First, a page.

I was reading Michael Feldstein’s brief postmortem on his experiences with the SUNY Learning Network and why SLN ultimately decided to move to Angel. As I understand, in a non-technical way, the LMOS project Feldstein and his colleagues were pursuing, the idea was a modular, standards-based approach to online learning. This strikes me as the right direction ultimately, even if the project failed to get off the ground at SLN for various institutional/political/material reasons.
Well, not to be overly systematic about these matters, but it strikes me that a university curriculum could be mapped across several dimensions in relation to technology in which you could look at each faculty member in terms of
- rate of adoption of new technologies
- integration of discipline-specific applications
- quantitative-qualitative methods of evaluation
- degree of student interaction
- degree of online use (i.e. the amount of data and entries for a course)
- degree of media-intensity (e.g. text-only to video and so on)
I’m sure one could come up with other measures. But for example, one psych professor I know makes extensive use of discipline-specific applications and quantitative methods. However, he’s not making heavy use of media or new techs (outside of discipline-specific stuff). He would and is an important client for our online learning system to serve. And really our system, Web CT/Blackboard, is designed to serve him better than it is to serve me.
As an early adopter I am comfortable with things not always working
smoothly and with taking creative approaches to the logistics of making
things work in a class. But not everyone should have to be like that.
Professional writing is a qualitative discipline with a high degree of
student interaction and online use and a relatively high use of media.
That means that for my colleagues, who are not early adopters, the
learning system needs to be able to offer easy ways to manage a variety
of data, allow for student interaction, and make different media
I don’t mean to suggest this is about disciplinary differences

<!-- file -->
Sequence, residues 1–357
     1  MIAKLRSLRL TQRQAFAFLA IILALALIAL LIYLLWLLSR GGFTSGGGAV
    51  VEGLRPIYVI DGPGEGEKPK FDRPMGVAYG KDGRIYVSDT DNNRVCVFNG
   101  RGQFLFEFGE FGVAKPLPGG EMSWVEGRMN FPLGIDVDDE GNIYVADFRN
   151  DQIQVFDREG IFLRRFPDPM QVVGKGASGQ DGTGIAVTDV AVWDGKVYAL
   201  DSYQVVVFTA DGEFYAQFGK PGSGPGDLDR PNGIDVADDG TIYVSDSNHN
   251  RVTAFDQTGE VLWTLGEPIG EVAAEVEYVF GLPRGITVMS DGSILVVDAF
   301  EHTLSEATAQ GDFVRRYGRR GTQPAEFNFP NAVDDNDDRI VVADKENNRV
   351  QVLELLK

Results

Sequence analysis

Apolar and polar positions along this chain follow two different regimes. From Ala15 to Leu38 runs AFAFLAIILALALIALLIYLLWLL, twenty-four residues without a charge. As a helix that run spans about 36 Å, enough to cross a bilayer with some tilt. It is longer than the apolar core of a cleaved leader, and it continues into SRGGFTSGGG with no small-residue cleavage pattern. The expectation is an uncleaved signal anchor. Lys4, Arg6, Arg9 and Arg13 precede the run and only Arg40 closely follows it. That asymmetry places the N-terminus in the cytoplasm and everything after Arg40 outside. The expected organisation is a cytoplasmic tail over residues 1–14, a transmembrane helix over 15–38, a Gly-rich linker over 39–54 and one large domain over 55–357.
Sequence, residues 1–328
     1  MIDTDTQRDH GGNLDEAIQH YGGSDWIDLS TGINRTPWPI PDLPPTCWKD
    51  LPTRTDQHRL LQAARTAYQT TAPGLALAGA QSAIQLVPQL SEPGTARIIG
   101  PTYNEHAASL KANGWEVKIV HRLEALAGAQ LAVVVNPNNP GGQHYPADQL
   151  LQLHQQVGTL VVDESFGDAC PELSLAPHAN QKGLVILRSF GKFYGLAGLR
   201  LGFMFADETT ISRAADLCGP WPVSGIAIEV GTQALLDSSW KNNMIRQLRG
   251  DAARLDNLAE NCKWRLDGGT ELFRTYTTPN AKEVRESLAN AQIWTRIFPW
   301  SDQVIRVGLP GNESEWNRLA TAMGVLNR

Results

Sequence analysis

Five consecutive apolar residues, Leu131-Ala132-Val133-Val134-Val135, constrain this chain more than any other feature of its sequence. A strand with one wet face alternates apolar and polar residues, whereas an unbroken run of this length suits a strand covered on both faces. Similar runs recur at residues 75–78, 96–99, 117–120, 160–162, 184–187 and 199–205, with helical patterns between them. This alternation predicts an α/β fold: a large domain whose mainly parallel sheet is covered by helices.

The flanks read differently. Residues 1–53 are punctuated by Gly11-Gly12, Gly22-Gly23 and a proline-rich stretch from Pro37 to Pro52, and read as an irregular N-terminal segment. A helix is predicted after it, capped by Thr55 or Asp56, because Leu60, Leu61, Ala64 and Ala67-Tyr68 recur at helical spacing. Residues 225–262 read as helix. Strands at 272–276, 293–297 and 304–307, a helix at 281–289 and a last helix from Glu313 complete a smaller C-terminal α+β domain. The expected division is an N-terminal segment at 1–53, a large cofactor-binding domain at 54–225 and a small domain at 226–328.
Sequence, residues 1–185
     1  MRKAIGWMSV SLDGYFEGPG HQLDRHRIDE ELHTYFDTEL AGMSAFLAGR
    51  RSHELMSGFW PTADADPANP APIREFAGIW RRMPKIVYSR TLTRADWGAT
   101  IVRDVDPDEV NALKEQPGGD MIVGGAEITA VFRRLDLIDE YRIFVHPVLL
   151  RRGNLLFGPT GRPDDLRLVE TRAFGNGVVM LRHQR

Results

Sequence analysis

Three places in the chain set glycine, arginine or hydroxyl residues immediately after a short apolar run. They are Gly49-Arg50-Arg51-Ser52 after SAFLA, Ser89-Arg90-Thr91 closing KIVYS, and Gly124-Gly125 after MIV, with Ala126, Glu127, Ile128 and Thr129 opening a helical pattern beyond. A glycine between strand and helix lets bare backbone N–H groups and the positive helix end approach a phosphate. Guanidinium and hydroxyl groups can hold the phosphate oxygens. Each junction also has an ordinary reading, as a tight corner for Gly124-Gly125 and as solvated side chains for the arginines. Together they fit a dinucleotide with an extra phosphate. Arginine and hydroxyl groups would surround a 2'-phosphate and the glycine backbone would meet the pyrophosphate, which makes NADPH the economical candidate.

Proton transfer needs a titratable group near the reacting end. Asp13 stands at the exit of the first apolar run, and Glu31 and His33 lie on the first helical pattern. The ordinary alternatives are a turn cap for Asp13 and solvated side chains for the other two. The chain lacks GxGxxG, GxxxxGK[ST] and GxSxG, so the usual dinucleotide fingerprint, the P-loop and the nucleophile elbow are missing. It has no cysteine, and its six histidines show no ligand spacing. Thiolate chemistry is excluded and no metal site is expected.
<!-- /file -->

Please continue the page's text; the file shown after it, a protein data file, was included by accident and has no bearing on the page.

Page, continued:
either. Take Second Life for example. The psych prof colleague I
mentioned is wholly uninterested in Second Life and sees no value in it
for what he is doing. A different psych professor might feel
differently, and indeed there are psych professors making use of SL.
Similarly, there are literary studies faculty who would have no
interest in SL while others are leaping in.
iTunes U is another example. We use it, but it just sits there along side Web CT without any interaction.
But how is Web CT/Blackboard or Angel or any other CMS going to
account for something like SL? The new Web CT has a "blogging" function
(sort of). Will the next version have something like a wiki? Will it
allow for sharing video files a la YouTube or iTunes? Will it have
social bookmarking? Will it have social networking? And if it did,
would anyone use it?
It’s bad enough to be burdened with a Web CT-specific e-mail (as if
you’re ever gonna check that!). You just set it to forward to another
existing account, right? It’s the same thing with all these other
"features." Who needs a Web CT blog? Who wants to share videos inside
Web CT when you can share them on YouTube? Why have social bookmarks or
a facebook-esque page in Web CT when you already have del.icio.us
and/or facebook? And who knows what will follow on things like Second
Meanwhile, there will be plenty of profs who are using their CMS to
deliver text-based teaching materials, run quizzes, and function as a
gradebook. I’ve done all these things too.
My point is that no single company or open source community will
ever be able to match the innovation of the broad web marketplace.
Hitching oneself to a single group would be simply foolish. Instead,
what an online learning system requires is the flexibility to
incorporate innovations that develop around the web.
For example, would it be so hard for Web CT to allow you to publish
RSS feeds inside your course? Technically you can do this inasmuch as
anything you can put into an HTML page you can put into a frame in
WebCT, but there’s no mechanism in the application for facilitating
In the end, college courses are so varied that there really isn’t
much that will be commonly shared between them. We all need grade books
and user accounts for students, though there are probably many folks
who don’t keep their grades online either, so maybe it’s just the
latter that we all share.
Everyone needs a place where their students can access the course.
Beyond that, things start to diverge and the only thing that makes
sense to me is to create a system by which new elements can be built in
One reply on “what an online learning system requires”
Outstanding post, and I really like your multi-dimensional mapping approach. As a K-12 tech coordinator who is responsible for Blackboard implementation, I often am amused when Blackboard talks about Web 2.0 integration/tools. I’m not sure they even truly know what that means as a company that produces a closed-system CMS, and that’s further reinforced by the lack of Web 2.0 tools within the product itself and the difficulty incorporating existing 2.0 tools. Blackboard for us provides us with a nice tool for most teachers, and we’ve tricked it out with a blog and wiki building block from LearningObjects for those who wish to go further. But as it currently exists, Blackboard is hopelessly behind the curve (not even native RSS integration within a course?), and they could do much to improve their interface, and their business, if they opened integration as you suggest in your last paragraph.